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Please use this identifier to cite or link to this item: http://hdl.handle.net/123456789/11300

Title: Swelling characteristics of conventional and organic preservative-treated porous tropical utility hardwood [ceiba pentandra (l.) gaertn.]
Authors: Antwi-Boasiako, C.
Boadu, Kwadwo Boakye
Keywords: dimensional stability
Maneb/Lambda mixture
moisture content
organic preservative
porous medium
dimensional stability, Maneb/Lambda mixture, moisture content, organic preservativolumetric swelling
Issue Date: 2013
Publisher: Special Topics & Reviews in Porous Media — An International Journal
Citation: Special Topics & Reviews in Porous Media — An International Journal, 4 (2): 137–145 (2013)
Abstract: Overexploitation of endangered timbers necessitates utilization of chemically treated nondurable species. Ceiba pentandra is porous, dimensionally stable in dry service conditions, and has regular export of treated products. Swelling characteristics of treated woods are hardly studied. This work provides a scientific bridge to this gap. Influence of Maneb/Lambda mixture and Erythrophleum suaveolens bark extract on the swelling of C. pentandra was investigated by water immersion for 24 h. Directional swelling was greatest tangentially (1.4–2.5 times greater than radial swelling) and least along longitudinal directions (90–360 times less than tangential surfaces) depending on solvent type. Untreated stakes soaked in the three solvents swelled more than treated stakes in water. Tangential swelling was greater for untreated stakes in E. suaveolens (9.20 § 0.02%) and Maneb/Lambda (9.32 § 0.02%) than in water (8.10 § 0.01%); the contrary occurred for longitudinal and radial swellings. Maneb/Lambda-treated stakes swelled more tangentially in water (7.36 § 0.13%) but less at radial directions (2.89 § 0.01%) than those treated with E. suaveolens (7.10 § 0.00% and 3.28 § 0.02%, respectively). Volumetric swelling was greater for untreated stakes in all solvents (12.66 § 0.60% in water/14.74 § 0.66% in Maneb/Lambda) than for Maneb/Lambda- and E. suaveolens-treated stakes in water (10.51 § 0.14% and 10.62 § 0.02% respectively). Thus, preservative-chemicals would protect nondurable timbers against biodeterioration with the added advantage of reducing moisture-absorption capacity of engineered products in service conditions.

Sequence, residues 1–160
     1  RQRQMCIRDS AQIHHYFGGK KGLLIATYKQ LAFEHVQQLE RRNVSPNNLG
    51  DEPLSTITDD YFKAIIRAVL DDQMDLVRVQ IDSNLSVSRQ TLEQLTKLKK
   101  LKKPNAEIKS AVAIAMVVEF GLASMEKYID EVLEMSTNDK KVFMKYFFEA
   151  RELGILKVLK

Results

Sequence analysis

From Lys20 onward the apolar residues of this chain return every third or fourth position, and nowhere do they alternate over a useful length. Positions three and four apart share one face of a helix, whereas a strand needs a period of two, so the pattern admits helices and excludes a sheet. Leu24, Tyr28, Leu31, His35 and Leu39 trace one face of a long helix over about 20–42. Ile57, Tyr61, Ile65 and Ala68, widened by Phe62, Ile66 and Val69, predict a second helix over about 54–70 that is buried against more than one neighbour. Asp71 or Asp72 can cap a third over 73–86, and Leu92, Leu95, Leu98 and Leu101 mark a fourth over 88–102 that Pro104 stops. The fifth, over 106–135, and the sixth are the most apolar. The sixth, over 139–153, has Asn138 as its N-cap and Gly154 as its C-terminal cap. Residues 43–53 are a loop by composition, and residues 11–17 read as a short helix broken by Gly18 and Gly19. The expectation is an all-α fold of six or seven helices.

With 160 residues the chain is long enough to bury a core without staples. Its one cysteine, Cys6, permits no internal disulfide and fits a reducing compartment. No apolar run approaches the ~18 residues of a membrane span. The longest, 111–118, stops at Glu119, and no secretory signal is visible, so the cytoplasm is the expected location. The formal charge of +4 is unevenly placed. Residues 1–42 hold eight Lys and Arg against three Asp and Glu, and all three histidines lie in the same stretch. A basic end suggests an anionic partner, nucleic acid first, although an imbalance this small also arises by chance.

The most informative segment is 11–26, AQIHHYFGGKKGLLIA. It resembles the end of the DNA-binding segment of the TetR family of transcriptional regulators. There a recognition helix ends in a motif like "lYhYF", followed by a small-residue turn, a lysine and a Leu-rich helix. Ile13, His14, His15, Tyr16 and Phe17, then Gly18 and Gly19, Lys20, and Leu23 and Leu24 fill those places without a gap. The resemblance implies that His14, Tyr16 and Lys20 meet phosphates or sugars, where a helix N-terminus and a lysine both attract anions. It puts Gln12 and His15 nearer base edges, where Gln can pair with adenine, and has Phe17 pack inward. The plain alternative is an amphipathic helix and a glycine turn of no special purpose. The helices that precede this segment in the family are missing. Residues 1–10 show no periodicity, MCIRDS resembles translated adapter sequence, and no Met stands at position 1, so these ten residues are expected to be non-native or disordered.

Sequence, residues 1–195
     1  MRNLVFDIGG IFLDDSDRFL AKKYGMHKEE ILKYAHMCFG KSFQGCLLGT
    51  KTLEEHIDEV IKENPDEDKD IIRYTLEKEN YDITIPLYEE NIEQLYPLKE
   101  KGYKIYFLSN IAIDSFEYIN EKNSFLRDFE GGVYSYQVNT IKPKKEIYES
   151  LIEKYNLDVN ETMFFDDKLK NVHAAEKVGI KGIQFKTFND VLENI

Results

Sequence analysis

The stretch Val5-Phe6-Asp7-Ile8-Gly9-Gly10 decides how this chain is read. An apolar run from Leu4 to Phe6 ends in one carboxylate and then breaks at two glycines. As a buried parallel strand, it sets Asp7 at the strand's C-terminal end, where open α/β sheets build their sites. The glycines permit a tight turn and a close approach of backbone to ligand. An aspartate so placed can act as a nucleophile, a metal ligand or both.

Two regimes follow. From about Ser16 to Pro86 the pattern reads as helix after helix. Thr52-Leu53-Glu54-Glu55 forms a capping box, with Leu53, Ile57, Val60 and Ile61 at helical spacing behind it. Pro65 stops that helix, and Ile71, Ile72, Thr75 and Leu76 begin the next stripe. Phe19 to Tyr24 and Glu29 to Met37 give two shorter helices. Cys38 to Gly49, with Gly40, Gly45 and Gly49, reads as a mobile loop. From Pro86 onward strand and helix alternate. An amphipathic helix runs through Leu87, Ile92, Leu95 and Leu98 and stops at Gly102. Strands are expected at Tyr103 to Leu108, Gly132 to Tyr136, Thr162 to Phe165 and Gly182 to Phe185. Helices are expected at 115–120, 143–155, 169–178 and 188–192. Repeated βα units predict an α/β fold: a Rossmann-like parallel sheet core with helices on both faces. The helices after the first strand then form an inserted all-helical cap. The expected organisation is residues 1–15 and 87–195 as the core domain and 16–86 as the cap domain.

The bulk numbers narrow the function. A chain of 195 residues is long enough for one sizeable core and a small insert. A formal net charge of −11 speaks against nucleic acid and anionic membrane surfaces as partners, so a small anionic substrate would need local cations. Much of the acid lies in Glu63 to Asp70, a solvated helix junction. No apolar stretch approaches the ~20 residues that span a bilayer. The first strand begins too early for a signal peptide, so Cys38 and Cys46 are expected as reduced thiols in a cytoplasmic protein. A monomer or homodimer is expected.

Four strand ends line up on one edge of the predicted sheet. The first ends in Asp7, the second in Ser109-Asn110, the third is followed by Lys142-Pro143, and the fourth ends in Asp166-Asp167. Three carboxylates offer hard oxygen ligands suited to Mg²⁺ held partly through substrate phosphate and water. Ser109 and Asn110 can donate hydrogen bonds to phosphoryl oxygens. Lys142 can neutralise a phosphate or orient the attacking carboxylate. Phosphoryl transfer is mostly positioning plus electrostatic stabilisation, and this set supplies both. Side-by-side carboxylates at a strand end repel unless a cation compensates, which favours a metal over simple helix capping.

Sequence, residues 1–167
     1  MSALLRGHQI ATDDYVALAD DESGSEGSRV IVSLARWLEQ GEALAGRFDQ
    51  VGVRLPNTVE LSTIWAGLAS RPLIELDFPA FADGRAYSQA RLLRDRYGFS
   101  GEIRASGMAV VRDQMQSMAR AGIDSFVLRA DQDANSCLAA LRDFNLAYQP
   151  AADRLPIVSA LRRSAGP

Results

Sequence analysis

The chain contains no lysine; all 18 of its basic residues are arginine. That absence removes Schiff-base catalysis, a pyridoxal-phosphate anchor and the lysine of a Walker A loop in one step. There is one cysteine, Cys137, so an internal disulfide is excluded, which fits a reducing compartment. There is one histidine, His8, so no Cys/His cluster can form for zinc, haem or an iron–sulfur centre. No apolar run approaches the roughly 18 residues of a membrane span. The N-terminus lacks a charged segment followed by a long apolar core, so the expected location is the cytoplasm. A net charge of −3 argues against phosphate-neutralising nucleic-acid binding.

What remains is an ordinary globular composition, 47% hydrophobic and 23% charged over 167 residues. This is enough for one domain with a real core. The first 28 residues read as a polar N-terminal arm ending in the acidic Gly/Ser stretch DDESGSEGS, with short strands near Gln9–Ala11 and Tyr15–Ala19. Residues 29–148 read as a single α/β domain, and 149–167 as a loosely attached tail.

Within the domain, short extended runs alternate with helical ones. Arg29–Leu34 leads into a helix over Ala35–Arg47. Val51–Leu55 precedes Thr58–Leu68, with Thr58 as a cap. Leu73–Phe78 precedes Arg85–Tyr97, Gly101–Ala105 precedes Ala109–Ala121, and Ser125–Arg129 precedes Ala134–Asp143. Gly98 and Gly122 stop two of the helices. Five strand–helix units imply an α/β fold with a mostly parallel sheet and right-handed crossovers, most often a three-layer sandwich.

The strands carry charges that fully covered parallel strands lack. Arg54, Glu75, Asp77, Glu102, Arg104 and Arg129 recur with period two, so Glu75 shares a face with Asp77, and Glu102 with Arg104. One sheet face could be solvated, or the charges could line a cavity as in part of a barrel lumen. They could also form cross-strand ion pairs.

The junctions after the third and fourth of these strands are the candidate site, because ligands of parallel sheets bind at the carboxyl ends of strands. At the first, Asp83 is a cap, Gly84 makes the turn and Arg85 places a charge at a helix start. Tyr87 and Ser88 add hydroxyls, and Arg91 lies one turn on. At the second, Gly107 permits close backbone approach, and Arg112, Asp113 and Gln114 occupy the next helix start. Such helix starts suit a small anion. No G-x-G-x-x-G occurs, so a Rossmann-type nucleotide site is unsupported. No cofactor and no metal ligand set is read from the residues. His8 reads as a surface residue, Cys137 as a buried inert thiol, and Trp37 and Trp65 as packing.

Description: Article published in the Special Topics & Reviews in Porous Media — An International Journal, 2013
URI: http://hdl.handle.net/123456789/11300
Appears in Collections:College of Agric and Natural Resources

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